- President Donald Trump sending CIA director Mike Pompeo to North Korea to conduct diplomacy while Pompeo awaits Senate confirmation looks to have put Democrats in a tough spot.
- Trump’s dismissal of former Secretary of State Rex Tillerson and a packed schedule of upcoming high-stakes diplomatic affairs has made the confirmation of a new top US diplomat more urgent.
- Now Democrats in the Senate must pick between sticking to their values and leaving the US without a Secretary of State as the Trump administration heads into negotiations with Kim Jong Un, China, and Iran.
President Donald Trump sending CIA director Mike Pompeo to North Korea to conduct diplomacy while Pompeo awaits Senate confirmation looks to have put Democrats in a tough spot.
By dismissing Secretary of State Rex Tillerson just months before a high-stakes meeting with North Korea’s Kim Jong Un, Trump has upped the pressure on Senate Democrats to confirm a nominee for a top diplomat who they genuinely seem not to like.
Pompeo failed to get the Senate Foreign Relations Committee’s approval for the post, but he could now be headed to a vote on the Senate floor. All 49 Democrats will have to heavily weigh the benefit of denying a nominee they disagree with against leaving the US without its top diplomat.
Democrats in the Foreign Relations Committee grilled Pompeo on his apparent allegiance to Trump, past comments on Muslims, and stances LGBT rights, ultimately denying him the recommendation.
But while the Senate argues about whether or not Pompeo is fit for the job, the CIA director seems to have already started preparing for the position with a secret visit to North Korea in April.
“If some of my colleagues are concerned that Pompeo is holding high level talks w/ NK because that’s a role of a Secretary of State, they should act quickly and confirm him. I have full confidence in his ability to lead these talks to denuclearize the Kim regime,” Republican Sen. Cory Gardner of Colorado tweeted.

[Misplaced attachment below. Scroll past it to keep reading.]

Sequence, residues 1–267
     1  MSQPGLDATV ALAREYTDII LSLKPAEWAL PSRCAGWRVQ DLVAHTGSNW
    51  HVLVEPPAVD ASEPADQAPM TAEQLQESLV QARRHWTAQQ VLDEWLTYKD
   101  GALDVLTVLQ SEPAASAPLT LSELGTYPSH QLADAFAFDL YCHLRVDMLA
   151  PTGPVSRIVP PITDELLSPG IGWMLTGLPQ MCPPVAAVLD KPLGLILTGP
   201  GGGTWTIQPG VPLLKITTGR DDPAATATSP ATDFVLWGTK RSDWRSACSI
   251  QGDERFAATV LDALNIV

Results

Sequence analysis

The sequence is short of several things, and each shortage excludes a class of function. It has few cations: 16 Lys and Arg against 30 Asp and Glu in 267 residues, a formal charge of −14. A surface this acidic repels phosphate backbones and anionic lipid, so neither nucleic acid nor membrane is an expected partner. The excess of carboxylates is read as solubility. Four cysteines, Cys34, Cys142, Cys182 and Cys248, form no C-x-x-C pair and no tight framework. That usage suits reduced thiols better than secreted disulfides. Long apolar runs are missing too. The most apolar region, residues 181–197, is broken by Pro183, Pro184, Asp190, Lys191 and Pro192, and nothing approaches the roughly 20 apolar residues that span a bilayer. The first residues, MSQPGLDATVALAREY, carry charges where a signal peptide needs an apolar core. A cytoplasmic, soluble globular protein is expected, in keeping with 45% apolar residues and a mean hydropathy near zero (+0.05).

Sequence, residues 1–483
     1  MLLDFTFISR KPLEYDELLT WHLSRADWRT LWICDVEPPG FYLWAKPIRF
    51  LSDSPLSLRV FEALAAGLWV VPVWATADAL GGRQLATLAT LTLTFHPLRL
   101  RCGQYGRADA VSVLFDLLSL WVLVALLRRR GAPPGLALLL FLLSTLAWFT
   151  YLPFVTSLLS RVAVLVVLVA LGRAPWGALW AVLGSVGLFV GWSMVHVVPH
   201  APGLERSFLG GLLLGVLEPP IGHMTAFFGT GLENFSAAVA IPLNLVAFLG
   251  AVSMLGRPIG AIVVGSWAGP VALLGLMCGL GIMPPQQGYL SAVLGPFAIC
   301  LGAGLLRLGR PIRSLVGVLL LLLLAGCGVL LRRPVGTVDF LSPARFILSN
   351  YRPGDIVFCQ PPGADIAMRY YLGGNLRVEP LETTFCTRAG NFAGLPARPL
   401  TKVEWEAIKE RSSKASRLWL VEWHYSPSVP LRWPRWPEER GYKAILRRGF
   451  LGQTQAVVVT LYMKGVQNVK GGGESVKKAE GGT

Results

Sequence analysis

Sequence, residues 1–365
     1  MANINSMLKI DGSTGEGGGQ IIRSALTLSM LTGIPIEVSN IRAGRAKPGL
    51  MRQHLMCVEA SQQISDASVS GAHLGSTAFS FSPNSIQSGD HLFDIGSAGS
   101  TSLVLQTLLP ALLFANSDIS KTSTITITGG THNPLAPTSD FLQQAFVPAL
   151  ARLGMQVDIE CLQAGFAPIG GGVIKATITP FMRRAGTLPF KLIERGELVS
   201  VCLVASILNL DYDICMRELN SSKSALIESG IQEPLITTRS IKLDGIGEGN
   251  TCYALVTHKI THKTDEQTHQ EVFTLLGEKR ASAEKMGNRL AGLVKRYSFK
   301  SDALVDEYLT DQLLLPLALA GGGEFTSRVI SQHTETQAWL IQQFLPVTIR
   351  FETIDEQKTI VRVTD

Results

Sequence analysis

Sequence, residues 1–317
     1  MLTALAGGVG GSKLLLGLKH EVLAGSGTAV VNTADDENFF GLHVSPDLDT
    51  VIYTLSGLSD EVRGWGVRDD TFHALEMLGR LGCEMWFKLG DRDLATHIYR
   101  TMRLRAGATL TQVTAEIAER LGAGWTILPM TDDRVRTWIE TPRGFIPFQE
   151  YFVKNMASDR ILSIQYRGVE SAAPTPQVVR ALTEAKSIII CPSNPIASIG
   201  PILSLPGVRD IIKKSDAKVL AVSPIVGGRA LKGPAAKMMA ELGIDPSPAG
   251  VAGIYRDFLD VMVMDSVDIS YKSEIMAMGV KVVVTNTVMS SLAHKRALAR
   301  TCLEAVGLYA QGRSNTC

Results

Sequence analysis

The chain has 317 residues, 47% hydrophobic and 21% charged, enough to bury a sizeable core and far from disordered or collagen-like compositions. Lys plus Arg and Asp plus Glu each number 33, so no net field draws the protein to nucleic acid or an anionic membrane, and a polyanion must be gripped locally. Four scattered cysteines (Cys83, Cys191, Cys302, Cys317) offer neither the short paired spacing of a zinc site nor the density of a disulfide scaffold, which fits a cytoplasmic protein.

Trump has an upcoming meeting with North Korea’s Kim Jong Un in the summer, ongoing trade disputes with China, a troubled relationship that has teetered on the brink of conflict with Russia, and a deadline to “fix” the Iran deal by May 12.
With 51 Republicans and 49 Democrats in the Senate, and Republican Sen. Rand Paul of Kentucky coming out against Pompeo to head the State Department, Trump needs to sway a few Democrats and keep the other Republicans in line to get his pick.
Already, the Democrats have shown a small sign of fracturing under the pressure, as Sen. Joe Manchin of West Virginia met with Pompeo on Tuesday and said it went well.
But it was Trump who dismissed Tillerson with a stack of diplomatic tasks still urgently needing attendance.
If Republicans use the pressing need for US diplomatic leadership as a case to compel Democrats to vote against their interests, then they will in part be using a crisis of Trump’s own making.
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